If you're still bootstrapping, maybe the metric is cash in the bank divided by your monthly living expenses.
If you've raised outside money -- especially if it has preference or automatic conversion built in -- the pressure is even greater. If you run out of cash before you show enough progress to justify a fresh raise, you risk losing control of everything you've built.
Hacking forward progress is the magic that founders do -- getting more done in less time than anyone (even you) thought you could.
The teams that do this best work forwards and backwards: they know exactly what investors need to see to get excited about an up-round, and they keep their day-to-day efforts tightly aligned with those must-hit milestones.
The teams that most often lose their way are the ones that forget the main goal -- staying alive -- and burn precious time going down rabbit-holes that have little chance of producing the required results. This is particularly true of product- or engineering-centric teams that keep applying the hammer of product development to the nail of growth, putting off the hard work of sales + distribution until it's too late.
When your team is small and resources are limited, the choices are relatively simple -- whatever the founders can do to hack growth, they do.
But when you've raised a decent-sized seed or Series A round, the math gets harder. Now you're not just investing founder time, you're deploying capital -- mostly on salaries for non-founder employees -- in hopes of accelerating your progress on every front that matters.
There are four important categories of effort that every startup team needs to keep in mind. Too much -- or too little -- weight in any one of these areas can lead to disaster when it comes time to raise the next round:
Seed investors exist to give teams of talented people running room to test a set of hypotheses. If those teams can demonstrate that a big / valuable audience actually wants what they're buiding -- what folks now call "achieving product / market fit" -- they're likely to be able to raise more money to scale into that opportunity.
Lean / agile development methods are the most common hack for achieving product / market fit in a hurry. Rather than going heads-down on major releases, development teams shorten cycle times and increase velocity, gathering customer feedback and making adjustments along the way to ensure that all development effort is in service of solving actual customer problems, not just scratching your own itch.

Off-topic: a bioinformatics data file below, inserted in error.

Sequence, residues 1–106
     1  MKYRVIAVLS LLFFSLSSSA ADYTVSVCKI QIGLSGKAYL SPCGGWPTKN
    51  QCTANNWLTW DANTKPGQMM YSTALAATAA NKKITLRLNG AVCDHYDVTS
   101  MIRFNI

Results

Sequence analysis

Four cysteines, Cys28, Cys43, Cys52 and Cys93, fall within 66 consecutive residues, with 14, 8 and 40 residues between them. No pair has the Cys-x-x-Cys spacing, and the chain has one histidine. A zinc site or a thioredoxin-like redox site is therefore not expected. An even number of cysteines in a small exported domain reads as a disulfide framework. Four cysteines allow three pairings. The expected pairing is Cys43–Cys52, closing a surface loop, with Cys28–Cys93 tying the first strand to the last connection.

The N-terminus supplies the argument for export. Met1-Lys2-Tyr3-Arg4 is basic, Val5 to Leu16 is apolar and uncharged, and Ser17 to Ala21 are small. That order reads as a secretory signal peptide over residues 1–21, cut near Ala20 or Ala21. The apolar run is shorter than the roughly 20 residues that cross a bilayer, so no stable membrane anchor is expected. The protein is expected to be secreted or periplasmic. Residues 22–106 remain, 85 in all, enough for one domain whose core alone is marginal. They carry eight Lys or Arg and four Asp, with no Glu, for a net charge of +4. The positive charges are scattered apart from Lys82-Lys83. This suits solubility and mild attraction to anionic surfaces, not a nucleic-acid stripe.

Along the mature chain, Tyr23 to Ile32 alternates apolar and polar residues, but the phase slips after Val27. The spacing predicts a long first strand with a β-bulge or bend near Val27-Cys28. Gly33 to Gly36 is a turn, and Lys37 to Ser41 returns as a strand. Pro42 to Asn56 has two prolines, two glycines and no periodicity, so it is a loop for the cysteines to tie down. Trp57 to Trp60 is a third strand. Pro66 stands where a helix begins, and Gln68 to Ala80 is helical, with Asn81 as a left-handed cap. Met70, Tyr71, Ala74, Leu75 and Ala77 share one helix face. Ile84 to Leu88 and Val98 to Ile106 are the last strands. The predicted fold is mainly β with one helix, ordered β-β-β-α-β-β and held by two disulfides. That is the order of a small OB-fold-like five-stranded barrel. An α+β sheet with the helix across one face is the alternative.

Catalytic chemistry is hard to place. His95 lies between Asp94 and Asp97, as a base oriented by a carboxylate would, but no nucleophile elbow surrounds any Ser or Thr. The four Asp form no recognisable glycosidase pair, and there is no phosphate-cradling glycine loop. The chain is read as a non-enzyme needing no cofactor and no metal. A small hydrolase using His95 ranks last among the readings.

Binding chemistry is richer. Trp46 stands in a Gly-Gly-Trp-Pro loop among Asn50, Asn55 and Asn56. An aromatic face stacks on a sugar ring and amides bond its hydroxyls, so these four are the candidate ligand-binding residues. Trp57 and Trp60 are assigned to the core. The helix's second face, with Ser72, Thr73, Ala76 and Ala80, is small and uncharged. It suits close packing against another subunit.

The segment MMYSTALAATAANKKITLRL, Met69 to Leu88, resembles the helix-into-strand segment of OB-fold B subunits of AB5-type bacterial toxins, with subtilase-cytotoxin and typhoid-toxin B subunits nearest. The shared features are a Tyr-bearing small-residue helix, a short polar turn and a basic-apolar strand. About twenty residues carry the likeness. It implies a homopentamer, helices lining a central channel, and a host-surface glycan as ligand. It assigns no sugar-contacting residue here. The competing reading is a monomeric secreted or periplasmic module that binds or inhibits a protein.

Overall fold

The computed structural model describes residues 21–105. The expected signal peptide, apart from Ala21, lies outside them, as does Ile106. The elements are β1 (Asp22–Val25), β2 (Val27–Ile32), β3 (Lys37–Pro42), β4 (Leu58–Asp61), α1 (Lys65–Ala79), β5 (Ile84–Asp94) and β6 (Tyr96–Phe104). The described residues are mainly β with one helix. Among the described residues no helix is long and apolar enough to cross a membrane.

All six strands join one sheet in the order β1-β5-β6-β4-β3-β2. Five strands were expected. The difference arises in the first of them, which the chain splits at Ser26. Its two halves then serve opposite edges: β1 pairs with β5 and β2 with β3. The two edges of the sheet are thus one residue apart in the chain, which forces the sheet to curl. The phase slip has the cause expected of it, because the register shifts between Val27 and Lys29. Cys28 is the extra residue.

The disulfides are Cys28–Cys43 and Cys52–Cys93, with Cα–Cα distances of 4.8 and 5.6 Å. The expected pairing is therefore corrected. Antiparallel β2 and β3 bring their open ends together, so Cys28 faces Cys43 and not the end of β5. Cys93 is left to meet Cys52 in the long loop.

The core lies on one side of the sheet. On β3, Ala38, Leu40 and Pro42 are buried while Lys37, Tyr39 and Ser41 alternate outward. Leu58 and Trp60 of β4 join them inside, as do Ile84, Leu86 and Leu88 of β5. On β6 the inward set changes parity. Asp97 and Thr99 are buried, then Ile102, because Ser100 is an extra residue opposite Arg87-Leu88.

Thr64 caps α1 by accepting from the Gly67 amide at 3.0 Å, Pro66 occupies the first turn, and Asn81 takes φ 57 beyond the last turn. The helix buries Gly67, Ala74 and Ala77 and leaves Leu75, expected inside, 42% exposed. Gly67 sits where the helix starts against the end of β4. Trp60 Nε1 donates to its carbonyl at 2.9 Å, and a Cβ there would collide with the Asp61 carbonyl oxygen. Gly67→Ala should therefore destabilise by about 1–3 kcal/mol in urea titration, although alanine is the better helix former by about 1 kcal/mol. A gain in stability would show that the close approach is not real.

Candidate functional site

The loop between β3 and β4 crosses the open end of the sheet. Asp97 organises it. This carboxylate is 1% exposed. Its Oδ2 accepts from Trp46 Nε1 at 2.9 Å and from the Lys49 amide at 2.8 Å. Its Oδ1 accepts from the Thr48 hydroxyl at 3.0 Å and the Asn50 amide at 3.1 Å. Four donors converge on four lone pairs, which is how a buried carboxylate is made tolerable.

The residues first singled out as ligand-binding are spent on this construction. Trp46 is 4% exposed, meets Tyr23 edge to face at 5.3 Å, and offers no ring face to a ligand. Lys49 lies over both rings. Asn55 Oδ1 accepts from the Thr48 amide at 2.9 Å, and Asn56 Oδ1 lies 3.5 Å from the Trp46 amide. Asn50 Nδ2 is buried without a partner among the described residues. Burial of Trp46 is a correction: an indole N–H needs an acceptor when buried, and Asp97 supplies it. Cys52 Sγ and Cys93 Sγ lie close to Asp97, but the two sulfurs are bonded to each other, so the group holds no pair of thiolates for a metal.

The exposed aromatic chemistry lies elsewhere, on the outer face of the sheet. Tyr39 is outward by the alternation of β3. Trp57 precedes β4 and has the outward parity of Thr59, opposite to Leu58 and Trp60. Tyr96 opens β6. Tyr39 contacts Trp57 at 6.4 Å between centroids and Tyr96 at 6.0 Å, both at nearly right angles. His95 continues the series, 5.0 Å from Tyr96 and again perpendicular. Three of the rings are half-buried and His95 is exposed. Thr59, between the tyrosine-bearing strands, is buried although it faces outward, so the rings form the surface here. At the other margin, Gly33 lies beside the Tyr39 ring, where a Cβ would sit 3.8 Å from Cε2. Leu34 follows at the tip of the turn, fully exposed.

- Sales / Distribution
Despite the popular mythology of "viral" growth, even the best products don't sell themselves. High-performing startup teams put as much creative (and often, engineering) effort into their distribution strategies as they do into their customer-facing products.
Investors love a beautiful demo, but they love steep and accelerating customer and revenue growth curves even more. Early-stage teams usually can't afford armies of bag-carrying field salespeople, so expect to throw spaghetti at many different growth hacks -- content marketing, affiliate sales, email marketing, evangelist selling, channel partners, SEO / ASO, even ganking craigslist -- until you find out how to steepen those curves.
Talent -- especially digital creative talent -- is more important than money these days. Attracting brilliant people to your team is the biggest challenge most young companies face, and hacking the talent wars is just as important to your startup's success as your product and sales chops.
The best founders understand that recruiting is their #1 responsibility -- in Vinod Khosla's words, "when I was starting my first company, I was more of a glorified recruiter than a CEO or a founder. I really spent well over 50% of my time recruiting, and I encourage all entrepreneurs to try and do that." Aggressive recruiting and fearless hiring are the only way startups build a bench deep and strong enough to keep up with hyper-growth.
It may seem odd to rank this skill up there with the others listed above, but I'm convinced it rates equally among winning startups. It's not enough to hire amazing people, build great products and sell the shit out of them -- you also have to convince a world full of skeptics that your crappy little startup is actually going to make a dent in the universe. So in addition to all the showing you do, you have to get good at telling.
I'm not sure if storytelling is an innate or learned skill, but it's the kind of thing that hustlers excel at without thinking. Someone in the company has to be your Steve Jobs -- the guy (or gal) who makes people feel the magic, share the passion and join the parade as fans and advocates. Just as products don't sell themselves, stories don't tell themselves.
When the clock is ticking and your fear is welling up, your instinct is to go harder at whatever you're best at. Too often, that means more lines of code, because that's what you and your team know how to do.
Stop, take a deep breath and ask yourself -- do I have each of the four bases above covered? If not, take the time to rebalance your team and your time to make sure you do. Your odds of survival will go way up, you'll learn more, and I guarantee you'll have more fun along the way.